Wednesday, June 27, 2012

Thewifedoesntknow: Training Blog, Week 1

In my blog post last week, I introduced you to YouTube sensation Thewifedoesntknow (Golden Missile - Aheadnotatail, by Unbridled), who retired from racing this month. New Jersey hunter/jumper trainer Carole Davison and her daughter Liz began training the mare for her second career in the hunter ring.

On Friday morning, I visited San Sue Acres in Howell, NJ, and photographed Carole's training session with Thewifedoesntknow (affectionately nicknamed Ally-Gator). As I watched Carole tack Ally up, I noticed that the mare was already comfortable in cross ties, and watched everything in the barn with interest and curiosity. Carole's tack choices are simple and classic: Thewifedoesntknow is outfitted in a plain snaffle bridle, a copper roller D-ring snaffle, a jumping saddle, and polo wraps. The mare wears no tie-downs and no extra training aids.

Ally stood calmly at the mounting block when Carole got into the saddle. She began the ride with a few quiet laps around the arena at a walk before getting into trot work. I was immediately impressed with the mare's willing attitude. As she trotted around the ring, she cocked one ear toward her trainer. Carole encouraged the mare to stretch onto the bit and relax her topline; it was really fun to see how intently Thewifedoesntknow concentrated on Carole and how carefully she worked to understand the new way of riding.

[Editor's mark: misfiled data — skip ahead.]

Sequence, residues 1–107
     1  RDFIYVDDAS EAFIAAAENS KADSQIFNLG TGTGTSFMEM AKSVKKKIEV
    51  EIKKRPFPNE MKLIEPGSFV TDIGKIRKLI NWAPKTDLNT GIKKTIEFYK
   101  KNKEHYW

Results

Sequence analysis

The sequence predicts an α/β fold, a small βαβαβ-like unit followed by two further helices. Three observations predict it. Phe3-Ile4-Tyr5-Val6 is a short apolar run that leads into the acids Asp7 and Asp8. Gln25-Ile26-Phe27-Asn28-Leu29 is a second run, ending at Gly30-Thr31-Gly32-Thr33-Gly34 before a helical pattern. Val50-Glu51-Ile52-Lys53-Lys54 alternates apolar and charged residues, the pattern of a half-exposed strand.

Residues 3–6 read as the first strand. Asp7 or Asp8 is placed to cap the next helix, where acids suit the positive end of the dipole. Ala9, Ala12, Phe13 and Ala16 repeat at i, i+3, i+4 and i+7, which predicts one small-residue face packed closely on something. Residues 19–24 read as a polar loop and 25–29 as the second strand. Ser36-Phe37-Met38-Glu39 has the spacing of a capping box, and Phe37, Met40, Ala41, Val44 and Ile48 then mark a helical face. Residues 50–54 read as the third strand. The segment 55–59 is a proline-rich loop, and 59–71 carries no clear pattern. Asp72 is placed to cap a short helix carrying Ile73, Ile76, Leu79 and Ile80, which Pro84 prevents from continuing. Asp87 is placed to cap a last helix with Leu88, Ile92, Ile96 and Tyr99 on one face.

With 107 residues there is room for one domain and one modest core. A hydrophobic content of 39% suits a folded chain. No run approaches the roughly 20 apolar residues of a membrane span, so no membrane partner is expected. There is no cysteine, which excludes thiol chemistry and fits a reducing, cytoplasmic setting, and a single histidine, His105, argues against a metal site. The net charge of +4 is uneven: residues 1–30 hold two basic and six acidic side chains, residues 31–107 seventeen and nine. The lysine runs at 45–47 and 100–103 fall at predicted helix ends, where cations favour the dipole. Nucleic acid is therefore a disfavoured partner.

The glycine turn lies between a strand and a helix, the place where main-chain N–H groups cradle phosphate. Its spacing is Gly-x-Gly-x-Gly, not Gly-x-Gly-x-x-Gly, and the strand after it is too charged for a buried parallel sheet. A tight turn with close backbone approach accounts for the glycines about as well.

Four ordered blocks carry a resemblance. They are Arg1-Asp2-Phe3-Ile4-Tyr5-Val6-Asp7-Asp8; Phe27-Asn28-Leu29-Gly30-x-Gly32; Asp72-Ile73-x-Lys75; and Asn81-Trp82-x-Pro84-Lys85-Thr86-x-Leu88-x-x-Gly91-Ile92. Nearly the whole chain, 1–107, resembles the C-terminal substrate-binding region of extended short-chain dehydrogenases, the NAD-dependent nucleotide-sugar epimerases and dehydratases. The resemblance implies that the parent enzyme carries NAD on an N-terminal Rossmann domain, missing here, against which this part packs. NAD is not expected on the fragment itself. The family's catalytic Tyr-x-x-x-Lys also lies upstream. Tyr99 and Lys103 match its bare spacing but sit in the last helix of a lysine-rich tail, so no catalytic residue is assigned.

One of my favorite things about Thewifedoesntknow is her natural rhythm. Many green horses speed up and slow down as they learn how to engage their hind ends and balance themselves, but this mare has a wonderfully consistent tempo for a horse at her training level. This will prove to be a valuable asset in the hunter ring.
Ally continued to impress me when she encountered a few deer, who were just outside the arena. One deer quietly walked past the arena but another crashed through the woods. Ally reacted, but was quickly under control. Carole's body language gave the mare confidence and she relaxed as she watched them.
Carole began canter work with Thewifedoesntknow a few days earlier, and they are already making great progress. She readily picks up both leads, and is learning how to keep her balance around corners.

After the canter work, Carole did a little work with transitions within the gaits, asking for a little more push at the trot, and then slowing her posting down. The mare is very responsive and is picks up on Carole's weight shifts and cues. She did a "stretchy" circle as part of the cooldown; although she is very green, Ally has little "lightbulb moments" for a stride or two during these exercises while she tries to figure out what to do.
 Carole incorporated ground poles into Ally's training session, and she willingly walked over a few during the ride. 
 After the ride was over, Ally showed off her patience and intelligence by standing quietly as Carole unhooked the arena gate. She is learning the ins and outs of farm life.
After their ride, Ally was treated to a cooling hosedown and a pick of grass before she was turned out in her paddock. As she becomes more comfortable with her routine and her people, she shows off more and more of her lovely personality.
Carole was kind enough to supply me with a training log of their sessions. For the first few days, she and Liz did groundwork with the mare, with both grooming sessions and work under tack, including standing by the mounting block and a little longe line work. Her riding sessions are short and sweet, usually 30 minutes including warmup and cooldown. In addition to her schooling under saddle, Carole is introducing other elements to her training, such as being in the arena with other horses and negotiating unusual objects.

Please check back next Wednesday for more news and updates about this promising mare.

--Sarah Andrew

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